Here are two books on immigration for which we’ve received recommendations from reliable sources, so please check them out..—TPOI editor
Elvira's Faith and Barack's Challenge: The Grassroots Struggle for the Rights of Undocumented Families
By Reverend Walter L Coleman (Author), John Womack (Editor), Elvira Arellano (Contributor)
Wrightwood Press (September 6, 2016)
John Womack, author of the acclaimed Zapata and the Mexican Revolution, writes this about Elvira’s Faith:
I can testify that it really is a wonderfully clarifying book, also a deeply encouraging book. It is about a young woman from Maravatío, Michoacán, intent in the economic wreckage of Mexico in 1995-96 just on making enough money to pay for her aged, unwell parents’ medicine, migrating north for work in Mexico, finally heading alone al Gran Norte, sin documentos, eventually for good in the US labor market, bearing a son here, eventually finding herself in Chicago, working in the crews cleaning planes at O’Hare, arrested in the typically hysterical post-9/11 raids to catch working people without papers, released, but under the constant threat of deportation—and then meeting the great Pilsen organizers, Emma Lozano and her husband, Rev. Walter Coleman, and joining their terrific fight for justice for undocumented migrants here.
Elvira is really the first of the great, conscious, brave, public champions of Sanctuary in the USA in the 21st century. She spent the year 2006-2007 living with her son in Rev. Coleman’s church, living every day protected night and day by the local community, then by plan, hers and the local underground’s, escaping “Homeland Security” to get secretly from Chicago to Los Angeles to begin a national campaign there for justice for the undocumented.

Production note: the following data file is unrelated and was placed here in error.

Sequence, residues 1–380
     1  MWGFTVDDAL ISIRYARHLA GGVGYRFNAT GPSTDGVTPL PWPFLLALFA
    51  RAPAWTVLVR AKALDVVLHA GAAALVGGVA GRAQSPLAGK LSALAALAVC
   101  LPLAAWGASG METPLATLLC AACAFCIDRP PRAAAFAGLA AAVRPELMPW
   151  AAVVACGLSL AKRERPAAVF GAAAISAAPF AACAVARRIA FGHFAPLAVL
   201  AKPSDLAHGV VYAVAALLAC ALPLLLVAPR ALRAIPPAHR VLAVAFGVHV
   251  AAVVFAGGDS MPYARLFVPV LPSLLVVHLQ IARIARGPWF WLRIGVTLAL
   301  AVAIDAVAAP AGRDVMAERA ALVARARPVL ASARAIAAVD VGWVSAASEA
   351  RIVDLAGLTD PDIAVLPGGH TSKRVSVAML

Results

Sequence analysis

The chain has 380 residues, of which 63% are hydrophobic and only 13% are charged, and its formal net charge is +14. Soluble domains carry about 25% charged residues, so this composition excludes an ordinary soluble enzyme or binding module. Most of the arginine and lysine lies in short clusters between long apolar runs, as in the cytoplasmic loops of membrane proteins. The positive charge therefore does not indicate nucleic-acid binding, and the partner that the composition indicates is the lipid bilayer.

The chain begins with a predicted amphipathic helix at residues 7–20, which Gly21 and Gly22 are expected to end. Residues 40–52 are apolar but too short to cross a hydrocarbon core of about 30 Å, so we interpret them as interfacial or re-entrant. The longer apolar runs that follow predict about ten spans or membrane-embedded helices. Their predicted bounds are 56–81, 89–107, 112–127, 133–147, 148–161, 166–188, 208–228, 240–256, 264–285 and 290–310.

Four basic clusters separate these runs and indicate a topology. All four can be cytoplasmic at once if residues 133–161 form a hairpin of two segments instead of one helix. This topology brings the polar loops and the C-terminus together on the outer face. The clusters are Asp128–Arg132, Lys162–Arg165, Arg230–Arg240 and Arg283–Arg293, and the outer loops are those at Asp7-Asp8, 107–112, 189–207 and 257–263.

The rest you can read in the book, and hopefully colleagues, friends, and many students will too, learn from it, and act bravely on it. La lucha sigue.
By David Bacon
University of California Press; Bilingual edition (May 23, 2017)
UCLA African American Studies lecturer Paul Von Blum writes in Truthdig on June 30:
A new bilingual book by David Bacon offers both a dramatic antidote to the deplorable reality of racism and a majestic life-affirming view of these hidden women, men and children. "In the Fields of the North" is a landmark fusion of journalism and documentary photography. Bacon is an accomplished writer and photographer, with a long record of union organizing for the United Farm Workers, the United Electrical Workers, the International Ladies Garment Workers Union and others. He has effectively documented the impact of globalization, the degrading conditions of workplaces for many immigrants, the human consequences of migration, the political struggles for workers' and human rights, and many related topics in his books and commentary.
But above all, Bacon is a documentary photographer of extraordinary power, insight and skill. In his introductory comments to the book, he is modest-too modest-about contributing to the long history of socially conscious photography: "I hope my work contributes to this tradition today." I have had the privilege and pleasure of teaching and writing for many years about some of the giant American figures of this tradition, including Jacob Riis, Lewis Hine, Ben Shahn, Dorothea Lange, Margaret Bourke-White, Roy DeCarava and Gordon Parks.[...]
Read the full review: